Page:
Seventeen years after being deemed seismically vulnerable and having its capacity restricted, a San Francisco-area dam and reservoir near an active fault line soon will be at full volume, thanks to a new dam that ensures a reliable water supply to millions of residents.
Marking the biggest milestone on the massive, 7-year-old construction project featuring construction management by Black & Veatch, the San Francisco Public Utilities Commission recently celebrated completion of the new 220-foot-tall (67-metre-tall) Calaveras dam embankment that will replace the nearly century-old one. The new dam will begin impounding water this winter, with ancillary projects including automation of instrumentation and controls to be completed early next year.
At a cost of US$823 million, the new dam and its crest length of 1,210 feet (368.8 metres), base thickness of 1,180 feet (359.6 metres) and crest width of 80 feet (24 metres) holds back the 4-mile-long (6.4-kilometre-long) reservoir crucial to providing clean, safe water to 2.7 million Bay Area customers. While impounding the water reserve also represents an insurance policy during California’s years-long drought, the dam also is the centrepiece of one of the nation’s biggest water infrastructure programmes: the commission’s US$4.8-billion, 16-year push to overhaul the 167-mile-long (268-kilometre-long) regional water delivery system.
Built to contemporary seismic standards, the new dam – just 1,000 feet (304 metre) downstream from the existing embankment it replaces and designed to withstand a 7.2-magnitude earthquake – will restore the reservoir to its original capacity of 31 billion gallons (117.3 billion litres). In 2001, California regulators declared the previous dam seismically unsafe and ordered that its capacity be lowered to less than 40 per cent.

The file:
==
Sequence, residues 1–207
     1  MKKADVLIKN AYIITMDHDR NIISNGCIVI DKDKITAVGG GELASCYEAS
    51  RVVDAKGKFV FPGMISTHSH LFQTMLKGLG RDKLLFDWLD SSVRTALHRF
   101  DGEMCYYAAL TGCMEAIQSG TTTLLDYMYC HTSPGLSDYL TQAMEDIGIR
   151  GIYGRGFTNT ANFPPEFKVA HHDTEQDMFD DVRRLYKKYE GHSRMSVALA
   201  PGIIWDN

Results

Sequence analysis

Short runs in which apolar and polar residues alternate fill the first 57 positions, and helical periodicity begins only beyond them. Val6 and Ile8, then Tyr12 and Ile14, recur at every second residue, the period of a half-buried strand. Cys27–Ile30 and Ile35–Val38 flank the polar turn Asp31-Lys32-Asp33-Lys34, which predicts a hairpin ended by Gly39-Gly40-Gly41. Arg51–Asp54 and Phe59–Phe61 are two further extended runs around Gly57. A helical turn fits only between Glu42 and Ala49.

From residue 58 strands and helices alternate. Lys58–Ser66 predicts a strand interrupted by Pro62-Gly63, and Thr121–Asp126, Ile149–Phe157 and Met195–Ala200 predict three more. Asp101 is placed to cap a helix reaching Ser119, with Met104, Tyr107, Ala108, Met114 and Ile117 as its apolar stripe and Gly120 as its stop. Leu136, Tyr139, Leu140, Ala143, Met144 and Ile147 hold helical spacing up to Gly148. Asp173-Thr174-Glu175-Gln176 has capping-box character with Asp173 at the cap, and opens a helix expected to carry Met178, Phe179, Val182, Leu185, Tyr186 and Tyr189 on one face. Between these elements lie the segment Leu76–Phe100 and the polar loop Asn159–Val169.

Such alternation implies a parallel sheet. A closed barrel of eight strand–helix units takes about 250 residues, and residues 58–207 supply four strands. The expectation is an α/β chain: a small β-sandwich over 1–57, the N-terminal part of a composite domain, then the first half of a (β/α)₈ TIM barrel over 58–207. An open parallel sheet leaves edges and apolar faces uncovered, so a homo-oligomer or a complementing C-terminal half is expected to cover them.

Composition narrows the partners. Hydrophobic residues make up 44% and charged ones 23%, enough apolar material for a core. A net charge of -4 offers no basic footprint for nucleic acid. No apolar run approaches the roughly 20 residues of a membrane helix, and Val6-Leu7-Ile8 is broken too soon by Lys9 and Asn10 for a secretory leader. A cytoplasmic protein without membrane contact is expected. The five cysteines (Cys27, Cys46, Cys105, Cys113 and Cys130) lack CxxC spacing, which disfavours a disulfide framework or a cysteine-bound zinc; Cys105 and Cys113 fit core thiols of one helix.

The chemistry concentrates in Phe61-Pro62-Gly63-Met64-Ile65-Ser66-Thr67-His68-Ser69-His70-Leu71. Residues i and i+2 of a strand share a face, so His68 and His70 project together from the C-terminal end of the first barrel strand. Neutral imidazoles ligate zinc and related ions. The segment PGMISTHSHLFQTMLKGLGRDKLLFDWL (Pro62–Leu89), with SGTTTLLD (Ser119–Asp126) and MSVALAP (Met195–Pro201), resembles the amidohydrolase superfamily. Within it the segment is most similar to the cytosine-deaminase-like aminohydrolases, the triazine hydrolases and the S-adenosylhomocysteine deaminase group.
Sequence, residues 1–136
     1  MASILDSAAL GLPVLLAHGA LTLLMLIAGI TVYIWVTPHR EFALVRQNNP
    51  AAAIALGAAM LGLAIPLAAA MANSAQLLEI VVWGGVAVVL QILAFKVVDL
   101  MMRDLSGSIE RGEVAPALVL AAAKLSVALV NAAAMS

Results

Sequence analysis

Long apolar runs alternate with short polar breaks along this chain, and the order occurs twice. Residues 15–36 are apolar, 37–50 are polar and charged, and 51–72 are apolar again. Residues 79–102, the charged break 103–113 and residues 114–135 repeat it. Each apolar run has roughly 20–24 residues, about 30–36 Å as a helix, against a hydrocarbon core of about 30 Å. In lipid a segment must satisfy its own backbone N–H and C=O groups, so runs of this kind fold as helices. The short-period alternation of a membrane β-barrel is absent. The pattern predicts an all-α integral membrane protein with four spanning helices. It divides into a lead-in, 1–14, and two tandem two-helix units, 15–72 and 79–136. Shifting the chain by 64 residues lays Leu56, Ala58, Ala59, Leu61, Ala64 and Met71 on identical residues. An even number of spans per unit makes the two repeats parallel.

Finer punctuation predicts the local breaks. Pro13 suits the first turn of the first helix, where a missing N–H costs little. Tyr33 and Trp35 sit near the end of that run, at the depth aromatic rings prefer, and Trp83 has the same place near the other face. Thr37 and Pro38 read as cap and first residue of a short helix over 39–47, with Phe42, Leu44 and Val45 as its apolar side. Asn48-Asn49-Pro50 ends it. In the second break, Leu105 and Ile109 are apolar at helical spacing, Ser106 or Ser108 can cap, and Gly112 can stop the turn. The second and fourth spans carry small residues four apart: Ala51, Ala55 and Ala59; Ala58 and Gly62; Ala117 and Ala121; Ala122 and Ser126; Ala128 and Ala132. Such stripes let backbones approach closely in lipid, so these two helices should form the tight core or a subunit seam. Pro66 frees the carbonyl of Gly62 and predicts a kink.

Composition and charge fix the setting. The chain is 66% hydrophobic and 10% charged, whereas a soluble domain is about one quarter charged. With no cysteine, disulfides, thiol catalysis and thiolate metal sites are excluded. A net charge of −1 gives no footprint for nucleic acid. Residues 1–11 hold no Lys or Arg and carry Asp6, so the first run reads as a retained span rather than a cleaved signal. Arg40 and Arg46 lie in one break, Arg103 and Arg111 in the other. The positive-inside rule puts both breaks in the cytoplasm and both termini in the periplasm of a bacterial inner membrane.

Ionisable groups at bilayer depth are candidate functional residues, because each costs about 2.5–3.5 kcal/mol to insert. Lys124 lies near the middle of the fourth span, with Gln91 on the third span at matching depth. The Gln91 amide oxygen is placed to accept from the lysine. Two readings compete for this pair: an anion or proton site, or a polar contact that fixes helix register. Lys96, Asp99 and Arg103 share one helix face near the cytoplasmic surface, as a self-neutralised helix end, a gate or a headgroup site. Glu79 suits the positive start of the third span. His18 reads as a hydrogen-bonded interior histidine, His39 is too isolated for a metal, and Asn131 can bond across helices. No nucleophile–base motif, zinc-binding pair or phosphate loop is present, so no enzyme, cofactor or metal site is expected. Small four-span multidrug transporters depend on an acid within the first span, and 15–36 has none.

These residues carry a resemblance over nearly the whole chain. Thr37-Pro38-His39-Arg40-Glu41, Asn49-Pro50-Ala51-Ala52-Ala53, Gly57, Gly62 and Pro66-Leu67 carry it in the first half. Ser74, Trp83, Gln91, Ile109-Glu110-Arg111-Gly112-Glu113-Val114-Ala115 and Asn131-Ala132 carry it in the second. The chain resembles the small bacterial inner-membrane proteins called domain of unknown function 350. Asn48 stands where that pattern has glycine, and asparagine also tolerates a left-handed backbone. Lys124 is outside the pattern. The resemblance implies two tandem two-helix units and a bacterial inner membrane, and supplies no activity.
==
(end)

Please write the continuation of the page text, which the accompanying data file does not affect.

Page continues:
The former dam was widely seen as vulnerable to a sizable temblor, and that impoundment’s failure could send a devastating, likely deadly torrent of water into densely populated areas on its way to the bay. First erected in 1913 and rebuilt after it collapsed five years later, that dam once was considered the world’s biggest earth-fill impoundment.
Replacing it was a 21st Century engineering feat, involving the moving of 12 million cubic yards of earth and rock – enough to fill four National Football League stadiums. Most of the materials were sourced from on-site borrow areas, including a hillside that was sliced off to remove an ancient landslide formation towering above the spillway. Crews drilled 100 feet (30 metres) down into the rock below the new dam, injecting grout that sealed the foundation and the abutments. More than 500 tons of concrete was injected into the new impoundment’s foundation, creating a “grout curtain” to ward off underground seepage and strengthen the base.
The new 1,150-foot-long (350-metre-long) spillway – completed in April 2016 and designed to bypass excess water from the reservoir around the new dam and send it safely to Alameda Creek below – is crafted of roughly 40,000 cubic yards of concrete. As a critical safety feature, that channel is anchored to the hillside by nearly 2,000 steel rods bored 25 feet into the rock. The spillway’s chute featuring a 30-percent downward slope leads to a stilling basin that slows the water before it is released into the creek, paring its erosion potential and protecting the fragile ecosystem.
“This new dam, without question, was a massive undertaking, and now San Francisco-area water consumers will benefit from water supply reliability for decades to come,” said Chris Mueller, Black & Veatch’s project director.
San Francisco Mayor London Breed stressed the importance of the impoundment’s structural upgrade, noting that “it is only a matter of time until we experience another major earthquake, and our critical infrastructure needs to be ready,” San Francisco Mayor London Breed said, stressing the importance of the impoundment’s structural upgrade. “This important improvement project at the Calaveras Reservoir will make sure that our water systems are seismically resilient and our local water supply is secure when the next big one strikes.”